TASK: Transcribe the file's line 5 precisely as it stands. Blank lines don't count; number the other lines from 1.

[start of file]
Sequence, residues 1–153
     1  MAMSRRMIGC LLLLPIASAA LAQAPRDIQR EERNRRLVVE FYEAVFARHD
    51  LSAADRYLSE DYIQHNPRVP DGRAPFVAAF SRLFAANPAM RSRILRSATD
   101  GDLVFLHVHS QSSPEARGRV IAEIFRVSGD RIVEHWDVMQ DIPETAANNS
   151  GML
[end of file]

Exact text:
   151  GML